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Ask Auntyji: About Zoom anxiety and needing alone time

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Zoom anxiety

Salaam Auntyji,

I hope you are well during COVID. My name is Saira Rukshana. When I was younger, people called me Saira Banu because I looked like the great actress of yore. In fact, Saira Banu the star and I share not only the same name but also our birthdays. Anyway, my grandson has recently gotten married in the UK, and his new dulhan insists on having a weekly catch up on Zoom because she wants to see us when she talks to us.

But Auntyji, hamari baat yeh hai, ki I don’t like going on Zoom because it is not the most flattering for me. So I always tell the nayi dulhania that we have technical issues and that we can only do audio. My husband Zulfi says not to worry about how I look and to just make connection with Shaila. Can you please tell me how I can end this once and for all, and convince Shaila that audio is best? Looking forward to your guidance.

Auntyji says

Tauba tauba, yeh kis jahil se hamara path cross hua hai? Arre kalmouhi, sharam nahi aati, at your age? You are a grandmother, and here you are, one foot in the kabar, worried about your looks, you old banana peel?

Khuda ne tujhko achcha chehera zaroor diya tha if you looked like Saira Banu, but akal to bilkul nahi di. At your age, you should be thinking about your good deeds, and building connections, yet here you are, worried about what you look like on Zoom. Zaroor tumhari ticket to jahannum is assured.

You have a new family member who is doing her bit to connect, and to spend time virtually with you, and your narcissistic, self-centred pride on your faded looks is more important to you. Dil ko dekho, chehere nah dekho, because chehere ne laakhon ko loota. Do you remember this Bollywood song? Dil sacha aur chehera jhoota. Except in your case, your dil is kaala like the kajal you probably wear. You are not even a til on Saira Banuji’s face – because you let your faded beauty keep you from forming a loving relationship with your grandson’s new wife.  When you land in jahannum, there will be plenty to keep you company. None of them will be complimenting you on your beauty. They will be laughing at you for prioritising beauty over virtue. So I have no guidance for you. Get over yourself, you self-centred %*$%#!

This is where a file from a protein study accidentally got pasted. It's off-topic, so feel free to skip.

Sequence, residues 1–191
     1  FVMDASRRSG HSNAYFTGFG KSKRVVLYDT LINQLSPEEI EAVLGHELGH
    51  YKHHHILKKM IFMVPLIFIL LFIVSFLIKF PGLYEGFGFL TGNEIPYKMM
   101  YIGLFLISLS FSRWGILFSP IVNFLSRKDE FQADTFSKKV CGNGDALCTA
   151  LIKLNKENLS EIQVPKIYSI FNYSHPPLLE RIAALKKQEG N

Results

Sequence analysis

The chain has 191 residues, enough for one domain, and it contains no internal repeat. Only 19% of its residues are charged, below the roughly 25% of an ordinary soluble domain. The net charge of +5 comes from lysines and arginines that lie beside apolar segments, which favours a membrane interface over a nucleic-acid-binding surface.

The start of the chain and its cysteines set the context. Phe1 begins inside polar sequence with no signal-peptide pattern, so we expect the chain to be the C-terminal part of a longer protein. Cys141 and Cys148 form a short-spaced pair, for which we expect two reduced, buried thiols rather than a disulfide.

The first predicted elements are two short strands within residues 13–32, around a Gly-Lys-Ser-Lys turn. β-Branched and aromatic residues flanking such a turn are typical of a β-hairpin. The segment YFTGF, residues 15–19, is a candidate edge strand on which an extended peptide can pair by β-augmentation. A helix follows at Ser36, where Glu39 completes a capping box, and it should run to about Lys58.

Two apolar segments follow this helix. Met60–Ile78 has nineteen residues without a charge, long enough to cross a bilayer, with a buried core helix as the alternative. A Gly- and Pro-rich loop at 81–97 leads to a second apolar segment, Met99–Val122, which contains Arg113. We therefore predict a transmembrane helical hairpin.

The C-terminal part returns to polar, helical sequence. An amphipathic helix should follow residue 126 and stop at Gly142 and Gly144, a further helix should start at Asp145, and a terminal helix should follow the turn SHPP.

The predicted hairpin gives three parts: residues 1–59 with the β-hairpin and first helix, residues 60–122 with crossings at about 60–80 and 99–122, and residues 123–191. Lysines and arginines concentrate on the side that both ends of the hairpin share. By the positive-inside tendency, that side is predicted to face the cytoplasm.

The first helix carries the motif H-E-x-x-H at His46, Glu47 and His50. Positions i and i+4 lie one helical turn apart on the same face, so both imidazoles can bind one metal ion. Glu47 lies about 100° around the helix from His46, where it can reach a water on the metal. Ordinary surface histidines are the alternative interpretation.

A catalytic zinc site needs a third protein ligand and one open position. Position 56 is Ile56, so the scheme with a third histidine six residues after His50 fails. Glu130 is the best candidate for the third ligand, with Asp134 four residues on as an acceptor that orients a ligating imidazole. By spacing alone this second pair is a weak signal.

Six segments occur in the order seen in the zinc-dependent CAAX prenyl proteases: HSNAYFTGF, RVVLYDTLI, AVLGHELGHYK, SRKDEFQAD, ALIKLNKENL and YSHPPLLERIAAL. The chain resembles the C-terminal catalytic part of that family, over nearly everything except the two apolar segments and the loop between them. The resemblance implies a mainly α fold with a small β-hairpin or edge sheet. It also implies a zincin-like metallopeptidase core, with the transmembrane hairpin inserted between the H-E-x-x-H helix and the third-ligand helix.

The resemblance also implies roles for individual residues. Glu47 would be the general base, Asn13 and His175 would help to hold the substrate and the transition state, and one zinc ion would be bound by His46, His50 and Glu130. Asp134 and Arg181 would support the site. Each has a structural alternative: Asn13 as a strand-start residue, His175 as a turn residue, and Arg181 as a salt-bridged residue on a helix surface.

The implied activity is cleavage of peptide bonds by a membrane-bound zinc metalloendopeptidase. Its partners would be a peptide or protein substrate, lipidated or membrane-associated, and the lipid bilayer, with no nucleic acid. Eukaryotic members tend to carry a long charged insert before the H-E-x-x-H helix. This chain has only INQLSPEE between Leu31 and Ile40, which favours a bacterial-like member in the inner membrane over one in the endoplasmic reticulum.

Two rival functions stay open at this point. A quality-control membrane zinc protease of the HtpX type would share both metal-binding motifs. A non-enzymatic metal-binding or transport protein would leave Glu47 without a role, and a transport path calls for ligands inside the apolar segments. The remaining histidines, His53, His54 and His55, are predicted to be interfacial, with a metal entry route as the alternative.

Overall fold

READ ALSO: Ask Auntyji: To be or not to be Insta-worthy

Newly weds spending some alone time. Source: Canva
Carving out some alone time amidst work and family responsibilities. Source: Canva

Begging for alone time

Dear Auntyji

I have a particular problem I desperately need your help on. One of my sons who is 27 years old recently got married, and because we have a really big house, he and his new wife live with us. My daughter-in-law is nice and I hope they live with us for ever.

But Auntyji, my DIL works from home, and my son works in the city. So the problem is this. When my son comes home from work each day, both Ravi and Nina go into their room for over an hour. We don’t see them until it’s time to prepare dinner – when Nina helps me do this. Auntyji, how do I tell them that when Ravi comes home, it would be nice for me to see him and that he and Nina don’t disappear into their room for an hour. How do I tell them to stop this behaviour?

Auntyji says

Arre Dayan, tere mouh me kida pade.  Tere sapno me kaali billi tujh ko noche. Tere baalo me nits and lice khushiyaan manaye. May green fungus grow between your toes. You are the worst mother I have ever had the misfortune to write to me in all the years I have been doing this.

What kind of a churail are you that you think your desire for seeing your son is more important than the blossoming needs of his new wife? Don’t you remember being newly married, dusht aurat – and what it’s like to be in the honeymoon phase?

If you had even a jot of maternal inclination, you would be delighted that Ravi and Nina love to spend time with each other. You would be overjoyed and grateful that they are living with you. You should be going out of your way to make life so wonderful for them that they never think of leaving.

Yet here you are, wanting to be the first person to be with your son when he returns from work. Seriously, is this what’s been bugging you? How can you not want to die in shame – for even thinking this way? Listen up besharam kulta, your son is now a man and deserves some alone time with his new wife. Don’t you dare impose your neediness on him. And especially don’t impose your paap on your new bahu. If you want Ravi and Nina to continue to live with you, I suggest you change your vyarth thinking – you wacky dushta bhava. Hey Ram, mujh ko mukti chahiye from your paapi people.

READ ALSO: Ask Auntyji: On craving more Facetime with the grandkids


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Auntyji
The original Australian sub-continental agony aunt. Email: info@indianlink.com.au

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